We Are Survivors Manchester is a survivor-focused voluntary sector organisation that aims to create and facilitate safe spaces for male (including trans and non-binary individuals) survivors of sexual abuse, rape and sexual exploitation across Greater Manchester providing access to quality-assured support.
Men’s Room – a creative community for male, trans and non-binary people who sex work.
U=U and Modern HIV Prevention
“There’s a focus on promoting HIV prevention methods like PrEP and U=U (Undetectable = Untransmittable), which are essential.
“But it’s not just about the medical aspect; it’s about addressing the emotional and social issues surrounding HIV.
“The play is set in 2016, a time when these HIV prevention methods gained prominence.
“It also looks at the compound traumatic impact of an HIV diagnosis and the fear that gay and bisexual men disproportionately face.
“This fear has persisted since the 1980s, alongside the homophobia linked to it.
“We don’t create enough spaces to discuss what it means to live with HIV or how to empower ourselves while on PrEP.
“PrEP is a game-changer in HIV prevention, but it can’t solve the emotional and societal challenges we face due to stigma or lack of proper sex education.”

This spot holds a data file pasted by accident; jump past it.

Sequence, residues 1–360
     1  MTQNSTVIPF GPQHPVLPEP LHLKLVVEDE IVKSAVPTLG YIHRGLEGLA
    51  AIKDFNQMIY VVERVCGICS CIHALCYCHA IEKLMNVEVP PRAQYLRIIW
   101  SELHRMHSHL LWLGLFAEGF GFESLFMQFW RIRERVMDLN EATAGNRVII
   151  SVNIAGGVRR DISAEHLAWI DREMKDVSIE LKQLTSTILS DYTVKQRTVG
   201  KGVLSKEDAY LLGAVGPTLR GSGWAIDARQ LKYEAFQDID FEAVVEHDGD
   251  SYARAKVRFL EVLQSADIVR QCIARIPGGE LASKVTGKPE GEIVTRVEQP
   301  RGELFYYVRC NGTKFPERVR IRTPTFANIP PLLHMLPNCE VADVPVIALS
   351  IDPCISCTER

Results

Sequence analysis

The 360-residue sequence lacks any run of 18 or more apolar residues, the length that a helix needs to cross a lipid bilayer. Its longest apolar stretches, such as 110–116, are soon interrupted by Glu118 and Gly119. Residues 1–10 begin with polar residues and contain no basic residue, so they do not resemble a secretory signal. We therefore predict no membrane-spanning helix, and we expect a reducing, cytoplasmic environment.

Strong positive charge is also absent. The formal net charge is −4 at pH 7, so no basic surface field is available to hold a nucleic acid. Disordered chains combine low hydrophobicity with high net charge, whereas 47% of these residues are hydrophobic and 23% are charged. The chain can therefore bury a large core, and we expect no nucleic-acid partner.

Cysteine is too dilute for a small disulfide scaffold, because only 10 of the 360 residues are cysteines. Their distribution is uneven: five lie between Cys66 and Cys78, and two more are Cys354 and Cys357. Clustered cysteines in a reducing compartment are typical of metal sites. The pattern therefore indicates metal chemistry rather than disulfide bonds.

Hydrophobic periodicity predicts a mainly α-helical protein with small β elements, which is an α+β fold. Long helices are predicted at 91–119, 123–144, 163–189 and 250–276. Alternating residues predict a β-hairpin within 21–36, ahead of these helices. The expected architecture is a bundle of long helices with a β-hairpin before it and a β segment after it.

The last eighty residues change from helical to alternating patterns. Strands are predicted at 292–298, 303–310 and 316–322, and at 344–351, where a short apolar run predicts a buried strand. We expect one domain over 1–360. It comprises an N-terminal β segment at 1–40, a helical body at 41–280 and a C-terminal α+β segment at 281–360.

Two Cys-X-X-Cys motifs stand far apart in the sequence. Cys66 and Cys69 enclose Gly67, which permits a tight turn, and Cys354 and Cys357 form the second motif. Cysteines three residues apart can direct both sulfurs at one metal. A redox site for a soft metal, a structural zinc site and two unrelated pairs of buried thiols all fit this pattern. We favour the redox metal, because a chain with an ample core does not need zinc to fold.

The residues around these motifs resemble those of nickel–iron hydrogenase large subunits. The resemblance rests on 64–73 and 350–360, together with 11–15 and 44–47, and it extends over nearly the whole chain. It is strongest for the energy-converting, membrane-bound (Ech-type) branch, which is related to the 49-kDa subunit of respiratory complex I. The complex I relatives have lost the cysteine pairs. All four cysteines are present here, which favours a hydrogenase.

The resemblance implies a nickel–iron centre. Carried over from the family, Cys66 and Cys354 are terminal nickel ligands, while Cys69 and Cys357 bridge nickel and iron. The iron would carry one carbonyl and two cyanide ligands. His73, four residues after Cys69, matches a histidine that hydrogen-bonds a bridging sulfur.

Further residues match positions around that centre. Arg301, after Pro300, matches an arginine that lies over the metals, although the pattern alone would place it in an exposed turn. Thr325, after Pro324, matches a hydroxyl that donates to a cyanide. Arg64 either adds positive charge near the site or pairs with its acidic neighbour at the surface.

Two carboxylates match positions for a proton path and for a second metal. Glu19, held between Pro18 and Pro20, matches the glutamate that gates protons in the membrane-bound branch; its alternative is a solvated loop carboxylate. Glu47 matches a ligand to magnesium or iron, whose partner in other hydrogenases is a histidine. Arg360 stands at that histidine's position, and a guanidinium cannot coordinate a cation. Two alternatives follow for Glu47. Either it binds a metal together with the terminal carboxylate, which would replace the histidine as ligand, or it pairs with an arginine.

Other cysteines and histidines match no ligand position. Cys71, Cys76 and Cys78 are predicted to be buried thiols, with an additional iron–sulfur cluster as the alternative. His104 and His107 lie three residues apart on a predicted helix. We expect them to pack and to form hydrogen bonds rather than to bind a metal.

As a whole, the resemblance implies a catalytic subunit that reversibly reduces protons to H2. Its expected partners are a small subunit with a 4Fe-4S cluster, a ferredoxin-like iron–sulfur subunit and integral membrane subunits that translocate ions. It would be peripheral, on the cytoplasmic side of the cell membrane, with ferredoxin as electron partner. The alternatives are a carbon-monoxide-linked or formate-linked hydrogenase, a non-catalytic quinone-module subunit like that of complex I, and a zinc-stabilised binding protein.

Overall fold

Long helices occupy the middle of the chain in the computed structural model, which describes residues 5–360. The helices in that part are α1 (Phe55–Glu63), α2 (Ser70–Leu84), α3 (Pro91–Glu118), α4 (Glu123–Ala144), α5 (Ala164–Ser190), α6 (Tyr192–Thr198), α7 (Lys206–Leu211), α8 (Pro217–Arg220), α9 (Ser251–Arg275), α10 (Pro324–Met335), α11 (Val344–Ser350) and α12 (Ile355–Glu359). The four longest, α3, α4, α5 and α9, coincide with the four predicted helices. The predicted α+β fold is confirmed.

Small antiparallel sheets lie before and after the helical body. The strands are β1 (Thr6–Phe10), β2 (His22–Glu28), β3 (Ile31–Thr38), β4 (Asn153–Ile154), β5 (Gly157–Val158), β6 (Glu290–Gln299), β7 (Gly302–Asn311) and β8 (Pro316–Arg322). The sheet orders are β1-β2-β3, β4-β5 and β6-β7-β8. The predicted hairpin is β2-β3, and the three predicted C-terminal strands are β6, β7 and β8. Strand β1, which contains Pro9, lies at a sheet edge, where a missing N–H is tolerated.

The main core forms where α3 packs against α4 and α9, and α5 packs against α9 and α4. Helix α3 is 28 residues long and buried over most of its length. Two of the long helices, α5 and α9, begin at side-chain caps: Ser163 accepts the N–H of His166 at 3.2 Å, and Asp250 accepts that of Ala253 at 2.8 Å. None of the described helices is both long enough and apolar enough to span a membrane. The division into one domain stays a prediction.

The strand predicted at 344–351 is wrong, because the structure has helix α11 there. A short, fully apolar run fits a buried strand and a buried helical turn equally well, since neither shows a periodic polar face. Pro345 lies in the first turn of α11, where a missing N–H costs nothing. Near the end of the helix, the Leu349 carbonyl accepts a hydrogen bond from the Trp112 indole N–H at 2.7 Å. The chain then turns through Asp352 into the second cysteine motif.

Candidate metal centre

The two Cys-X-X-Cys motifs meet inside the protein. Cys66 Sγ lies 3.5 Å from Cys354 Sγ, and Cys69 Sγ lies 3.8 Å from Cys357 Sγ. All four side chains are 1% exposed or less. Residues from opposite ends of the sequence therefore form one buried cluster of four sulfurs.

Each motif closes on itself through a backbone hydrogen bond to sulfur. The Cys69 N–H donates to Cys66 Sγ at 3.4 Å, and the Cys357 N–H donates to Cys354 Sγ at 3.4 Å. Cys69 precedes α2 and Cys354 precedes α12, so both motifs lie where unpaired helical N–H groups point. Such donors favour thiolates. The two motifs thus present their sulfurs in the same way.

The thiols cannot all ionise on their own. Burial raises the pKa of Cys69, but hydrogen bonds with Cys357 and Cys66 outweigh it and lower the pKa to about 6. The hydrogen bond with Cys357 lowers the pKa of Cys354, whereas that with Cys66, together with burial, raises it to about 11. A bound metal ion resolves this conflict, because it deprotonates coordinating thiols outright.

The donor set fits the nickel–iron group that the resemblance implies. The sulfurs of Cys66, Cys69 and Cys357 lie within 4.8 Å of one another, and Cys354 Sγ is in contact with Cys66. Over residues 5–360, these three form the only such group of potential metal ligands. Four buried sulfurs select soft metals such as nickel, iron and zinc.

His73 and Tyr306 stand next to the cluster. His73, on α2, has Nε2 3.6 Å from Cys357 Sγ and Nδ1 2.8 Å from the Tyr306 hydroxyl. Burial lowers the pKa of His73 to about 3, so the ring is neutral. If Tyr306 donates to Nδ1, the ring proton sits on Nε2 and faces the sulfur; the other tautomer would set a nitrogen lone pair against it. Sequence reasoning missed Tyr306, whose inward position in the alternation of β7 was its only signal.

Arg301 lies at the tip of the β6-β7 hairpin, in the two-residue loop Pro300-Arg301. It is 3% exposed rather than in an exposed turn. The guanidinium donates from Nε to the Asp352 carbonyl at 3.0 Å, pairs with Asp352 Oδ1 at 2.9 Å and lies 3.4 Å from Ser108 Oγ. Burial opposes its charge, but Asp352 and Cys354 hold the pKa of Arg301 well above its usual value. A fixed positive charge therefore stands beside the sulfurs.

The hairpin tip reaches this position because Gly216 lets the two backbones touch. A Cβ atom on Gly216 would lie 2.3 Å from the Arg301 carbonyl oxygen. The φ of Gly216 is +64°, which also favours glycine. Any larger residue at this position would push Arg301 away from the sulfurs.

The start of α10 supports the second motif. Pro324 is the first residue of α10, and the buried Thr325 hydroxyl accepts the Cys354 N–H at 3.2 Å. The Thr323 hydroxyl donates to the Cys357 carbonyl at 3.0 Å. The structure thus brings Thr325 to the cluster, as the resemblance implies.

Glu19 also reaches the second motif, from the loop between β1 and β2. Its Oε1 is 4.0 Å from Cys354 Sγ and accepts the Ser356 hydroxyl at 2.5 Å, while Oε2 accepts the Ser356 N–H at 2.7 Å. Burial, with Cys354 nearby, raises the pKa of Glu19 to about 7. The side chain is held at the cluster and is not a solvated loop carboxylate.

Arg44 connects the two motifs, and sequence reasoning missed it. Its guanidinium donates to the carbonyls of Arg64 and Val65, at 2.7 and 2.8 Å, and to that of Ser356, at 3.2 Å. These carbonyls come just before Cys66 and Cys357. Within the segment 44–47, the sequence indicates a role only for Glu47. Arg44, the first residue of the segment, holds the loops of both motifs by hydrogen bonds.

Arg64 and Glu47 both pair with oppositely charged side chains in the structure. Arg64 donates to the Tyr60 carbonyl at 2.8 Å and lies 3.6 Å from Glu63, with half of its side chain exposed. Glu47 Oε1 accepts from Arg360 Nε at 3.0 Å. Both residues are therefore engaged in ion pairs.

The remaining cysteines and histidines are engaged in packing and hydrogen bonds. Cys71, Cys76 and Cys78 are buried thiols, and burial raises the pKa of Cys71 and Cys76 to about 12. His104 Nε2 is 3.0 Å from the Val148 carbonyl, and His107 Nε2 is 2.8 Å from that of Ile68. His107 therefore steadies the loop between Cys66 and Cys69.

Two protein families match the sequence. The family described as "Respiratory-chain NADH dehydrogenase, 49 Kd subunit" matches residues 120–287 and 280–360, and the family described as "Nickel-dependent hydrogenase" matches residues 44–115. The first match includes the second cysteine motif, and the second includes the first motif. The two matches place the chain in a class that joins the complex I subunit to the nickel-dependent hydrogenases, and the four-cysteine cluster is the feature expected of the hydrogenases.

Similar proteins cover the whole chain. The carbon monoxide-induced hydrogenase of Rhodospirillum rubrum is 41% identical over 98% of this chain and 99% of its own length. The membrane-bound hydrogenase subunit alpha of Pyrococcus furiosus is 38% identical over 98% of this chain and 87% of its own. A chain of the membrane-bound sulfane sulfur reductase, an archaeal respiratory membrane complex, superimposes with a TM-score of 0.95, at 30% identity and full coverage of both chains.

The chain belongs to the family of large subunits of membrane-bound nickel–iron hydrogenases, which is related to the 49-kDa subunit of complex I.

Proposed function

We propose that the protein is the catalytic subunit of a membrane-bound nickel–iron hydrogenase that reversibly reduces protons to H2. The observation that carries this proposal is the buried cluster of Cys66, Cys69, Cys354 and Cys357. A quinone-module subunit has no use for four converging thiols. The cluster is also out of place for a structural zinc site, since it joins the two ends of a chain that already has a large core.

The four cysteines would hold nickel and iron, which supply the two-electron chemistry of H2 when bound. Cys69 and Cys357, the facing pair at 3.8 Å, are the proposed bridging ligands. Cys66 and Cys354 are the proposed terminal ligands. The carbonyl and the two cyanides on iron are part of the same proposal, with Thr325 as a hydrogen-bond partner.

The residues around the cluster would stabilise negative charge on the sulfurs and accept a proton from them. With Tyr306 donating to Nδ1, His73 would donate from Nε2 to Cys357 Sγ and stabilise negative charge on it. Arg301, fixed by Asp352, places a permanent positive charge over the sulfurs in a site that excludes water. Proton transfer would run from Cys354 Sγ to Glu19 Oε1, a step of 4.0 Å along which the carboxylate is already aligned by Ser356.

“Toxic” portrays two seemingly well-adjusted characters on the surface, but beneath, they struggle with unspoken issues that affect their relationship.
Set in Manchester 2016, in the middle of a hot and sweaty queer warehouse party, two damaged hearts collide.
He is white, HIV+, and drowning in shame.
They are queer, and one microaggression away from a full-on breakdown.
Born at the height of the Aids epidemic and growing up in the shadow of Section 28, the pair form a trauma bond so tight they might just survive it all. But sometimes survival means knowing when to leave.
It promises to be a fantastic watch.
“Toxic” marks Nathaniel’s first return to the stage since ‘First Time’, which was highly rated with a brilliant reception.
He said: “As for returning to the stage after “First Time,” I’m excited.
“I’ll be performing alongside the incredible actor Josh-Susan Enright who has been instrumental in the script’s development.
“We have a large team working on this production, which is a significant step up from my previous work.
“The show features new music by SHAR, a local beat producer, and incorporates audio-visual projections by Dede, one of the White Hotel’s resident visual mixers.